The Kids in the Hall: Season One

The Kids in the Hall: Season One

3.5 out of 5 3.5 out of 5 3.5 out of 5 3.5 out of 5 3.5 out of 5 3.5

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Most Kids in the Hall fans are usually quick to designate their personal favorite Kid, but it’s the group’s uniquely close alchemy that turned the show into a cult sensation, and each of them seemed to have used their own personalities to open doors for the rest of the cast. (Even the venerable Monty Python troupe can’t compare in this respect; when they were coasting, they could come off as six extremely well-read clown-twits.) Dave Foley’s wide-eyed faux-innocence offset his snarky undercurrents (and only he could deliver and sell a monologue about being that guy “who’s fine with menstruation”). Bruce McCulloch had a quiet sensibility that usually anchored even the most absurd of sketches. Kevin McDonald’s total lack of vanity when portraying female characters allowed for some of the most well rounded female characterizations in drag comedy. Mark McKinney had an unforced intelligence and sometimes unnoticed versatility (he was the show’s unsung overachiever). And then there’s Scott Thompson, who is, at least to the show’s sizable straight, young male fan base, the guy who was allowed to write one sketch per week that had something to do with homosexuality. But, even taking into account that he probably didn’t write every gay skit (and there were many, even outside the Buddy Cole monologues), his candid, brazen expression of his own sexuality (which was, in the late-‘80s, nearly without peer in the world of sketch comedy), in addition to making it by far the gayest show that was ever a fixture at frat houses, allowed the rest of the cast the opportunity to lampoon other taboo topics with zest. And, as mentioned, rarely has there ever been an all-male improv troupe that’s been so talented and flexible when playing female characters (I’ll spare you a second blaspheme against Monty Python). Gossipy office secretaries, love-struck schoolgirls fawning over death-row inmates’ glossies, women’s talk show hosts reacting with consternation over misogynistic fashion designs…whether they were frumpy fiftysomethings played by Thompson or surprisingly sexy French whores played by McKinney (who even made a clear effort to sound like a woman in a few sketches), the girls in the Hall were as memorable as the dudes, which probably explains the first season DVD’s appropriate choice of cover.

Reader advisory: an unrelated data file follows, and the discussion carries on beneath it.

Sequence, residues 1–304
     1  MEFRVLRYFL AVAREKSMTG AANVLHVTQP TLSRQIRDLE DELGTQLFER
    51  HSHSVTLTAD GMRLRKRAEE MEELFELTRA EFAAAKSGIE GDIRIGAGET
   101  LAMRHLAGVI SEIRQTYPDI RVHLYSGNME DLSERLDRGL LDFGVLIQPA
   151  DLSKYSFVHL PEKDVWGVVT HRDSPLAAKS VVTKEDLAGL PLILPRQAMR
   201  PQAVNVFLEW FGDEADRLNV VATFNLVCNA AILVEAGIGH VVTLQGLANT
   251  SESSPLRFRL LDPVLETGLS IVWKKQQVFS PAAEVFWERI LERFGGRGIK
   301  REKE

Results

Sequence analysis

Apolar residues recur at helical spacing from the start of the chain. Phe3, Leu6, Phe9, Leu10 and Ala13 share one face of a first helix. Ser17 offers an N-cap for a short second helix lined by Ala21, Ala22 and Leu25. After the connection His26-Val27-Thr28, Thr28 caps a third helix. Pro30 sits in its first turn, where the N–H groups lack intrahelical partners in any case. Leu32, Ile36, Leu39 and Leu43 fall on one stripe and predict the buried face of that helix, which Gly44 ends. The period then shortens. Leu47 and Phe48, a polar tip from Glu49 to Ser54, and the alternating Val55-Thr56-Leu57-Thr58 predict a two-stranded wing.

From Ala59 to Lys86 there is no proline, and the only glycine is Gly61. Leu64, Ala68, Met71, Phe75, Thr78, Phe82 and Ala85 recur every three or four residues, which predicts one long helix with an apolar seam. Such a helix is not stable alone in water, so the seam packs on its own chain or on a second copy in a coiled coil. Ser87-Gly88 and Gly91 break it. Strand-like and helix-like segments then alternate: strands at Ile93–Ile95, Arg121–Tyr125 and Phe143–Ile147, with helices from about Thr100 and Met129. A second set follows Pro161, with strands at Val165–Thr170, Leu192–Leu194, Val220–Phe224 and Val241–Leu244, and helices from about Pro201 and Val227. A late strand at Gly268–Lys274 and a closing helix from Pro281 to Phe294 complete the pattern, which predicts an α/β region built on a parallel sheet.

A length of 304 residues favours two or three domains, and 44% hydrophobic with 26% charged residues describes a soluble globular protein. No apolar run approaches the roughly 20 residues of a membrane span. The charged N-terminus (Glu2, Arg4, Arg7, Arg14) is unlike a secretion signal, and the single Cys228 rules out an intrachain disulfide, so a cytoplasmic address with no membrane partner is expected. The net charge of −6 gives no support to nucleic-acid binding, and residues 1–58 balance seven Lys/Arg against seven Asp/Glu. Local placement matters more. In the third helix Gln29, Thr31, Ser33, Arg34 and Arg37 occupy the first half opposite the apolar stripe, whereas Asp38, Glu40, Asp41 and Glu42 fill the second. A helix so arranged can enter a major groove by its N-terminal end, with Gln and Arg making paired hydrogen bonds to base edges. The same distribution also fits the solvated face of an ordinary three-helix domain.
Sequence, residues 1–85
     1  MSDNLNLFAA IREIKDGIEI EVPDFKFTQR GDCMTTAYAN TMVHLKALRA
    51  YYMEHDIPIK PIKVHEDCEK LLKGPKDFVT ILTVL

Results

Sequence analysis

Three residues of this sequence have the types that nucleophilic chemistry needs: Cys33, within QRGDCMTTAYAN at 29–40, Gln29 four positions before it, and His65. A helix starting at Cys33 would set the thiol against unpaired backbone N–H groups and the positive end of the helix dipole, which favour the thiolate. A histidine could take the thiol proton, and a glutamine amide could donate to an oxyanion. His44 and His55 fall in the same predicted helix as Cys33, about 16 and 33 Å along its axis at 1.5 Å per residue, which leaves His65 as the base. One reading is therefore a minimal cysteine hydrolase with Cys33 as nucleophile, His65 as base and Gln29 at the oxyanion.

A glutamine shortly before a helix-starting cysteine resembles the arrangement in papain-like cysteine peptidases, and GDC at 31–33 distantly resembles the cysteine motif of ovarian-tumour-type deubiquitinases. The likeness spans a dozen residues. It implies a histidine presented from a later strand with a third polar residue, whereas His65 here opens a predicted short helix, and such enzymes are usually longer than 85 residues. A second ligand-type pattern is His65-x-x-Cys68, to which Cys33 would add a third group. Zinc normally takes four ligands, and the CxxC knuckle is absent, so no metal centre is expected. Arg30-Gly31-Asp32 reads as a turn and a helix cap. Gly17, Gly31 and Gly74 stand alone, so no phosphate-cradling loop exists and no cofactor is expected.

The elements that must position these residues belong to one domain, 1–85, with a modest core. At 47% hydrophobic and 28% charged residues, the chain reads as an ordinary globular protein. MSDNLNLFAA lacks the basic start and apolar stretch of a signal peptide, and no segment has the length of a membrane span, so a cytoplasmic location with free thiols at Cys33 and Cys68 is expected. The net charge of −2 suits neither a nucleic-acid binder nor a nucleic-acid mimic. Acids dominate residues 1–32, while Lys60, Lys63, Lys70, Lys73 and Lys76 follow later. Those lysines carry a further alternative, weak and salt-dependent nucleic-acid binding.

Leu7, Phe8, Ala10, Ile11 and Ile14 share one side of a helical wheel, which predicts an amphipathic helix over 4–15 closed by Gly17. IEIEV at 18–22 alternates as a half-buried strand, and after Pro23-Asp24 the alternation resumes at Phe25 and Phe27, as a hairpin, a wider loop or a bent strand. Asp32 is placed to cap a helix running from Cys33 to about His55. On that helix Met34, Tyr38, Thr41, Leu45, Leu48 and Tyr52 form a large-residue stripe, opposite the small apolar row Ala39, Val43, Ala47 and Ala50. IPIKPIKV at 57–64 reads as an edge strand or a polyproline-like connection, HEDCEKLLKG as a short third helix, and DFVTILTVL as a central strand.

Image/Sound

Not even the shittiest of transfers could prevent fans from picking up this set (the success or failure of which the Kids website claims will dictate whether future seasons will show up on DVD.yeah, right), but damned if A&E and Broadway Video didn't appear to be testing the hypothesis. Granted, one can't expect a 15-year-old television show to look perfect now, and truth be told it never looked like the most polished, well-lit show ever. Colors are pretty weak, and contrast is out of proportion. The sound is less compromised overall, but it's still just a basic mix from a live performance. There's no reason to expect better than this, I suppose.

Extras

There aren't commentary tracks on any of the actual episodes, but there are two best-of compilations complete with cast commentary (Scott Thompson shows up late and, thereby, misses one of the Buddy Cole skits). One of the compilations takes material from the pilot episode (not included otherwise), and the other sort of redundantly takes sketches that are already shown in their original context on the other three discs. The Kids' commentary track sees them in fine form, bouncing one-liners and running (faggot) jokes off of each other. A real treat for the fans. I'm not convinced that much else other than the title of An Oral History, a 40-minute documentary culled from recent interviews, will appeal to the same fans, but those who are interested in the history of the show's development will find it irresistible. Splitting the difference between those two features is a collection of pre-Kids live stage performances (looking like Mommy recorded them with the date flashing up on the bottom corner sporadically). Some are funny, some not so much, but more importantly you do get to see Kevin McDonald in his "fat years," which adds backstory to his female characters' self-consciousness. Also included is a DVD-ROM PDF file of the Rolling Stone article from 1988 that called them the hot new thing in comedy.

Overall

You've gotta love the type of show that can name their sketches "Power of My Cock," "Fat Hitch-hiker" and "Stinky Pink."

Image 3.5 out of 5 3.5 out of 5 3.5 out of 5 3.5 out of 5 3.5 out of 5

Sound 3.5 out of 5 3.5 out of 5 3.5 out of 5 3.5 out of 5 3.5 out of 5

Extras 3.5 out of 5 3.5 out of 5 3.5 out of 5 3.5 out of 5 3.5 out of 5

Overall 3.5 out of 5 3.5 out of 5 3.5 out of 5 3.5 out of 5 3.5 out of 5

Specifications
  • DVD-Video
  • Four-Disc Set
  • Dual-Layer Discs
  • Region 1
  • Aspect Ratio
  • 1.33:1 Full Frame
  • Dolby Digital Formats
  • English 2.0 Stereo
  • DTS
  • None
  • Subtitles & Captions
  • None
  • Special Features
  • An Oral History Interviews
  • 2 best-of Compilations with Commentary
  • 30 minutes of Rivoli Theater Sketches
  • 1988 Rolling Stone PDF article
  • Trailer for Mr. Bean: The Whole Bean
  • Buy
    DVD
    Release Date
    April 27, 2004
    Distributor
    Broadway Video
    Runtime
    620 min
    Rating
    NR
    Year
    1989 - 1990
    Director
    John Blanchard, Dave Foley, John Fortenberry, Michael Kennedy, Kelly Makin, Bruce McCulloch, Kevin McDonald, Mark McKinney, Mark Sawers, Stephen Surjik, Scott Thompson
    Screenwriter
    Dave Foley, Bruce McCulloch, Kevin McDonald, Mark McKinney, Scott Thompson
    Cast
    Dave Foley, Bruce McCulloch, Kevin McDonald, Mark McKinney, Scott Thompson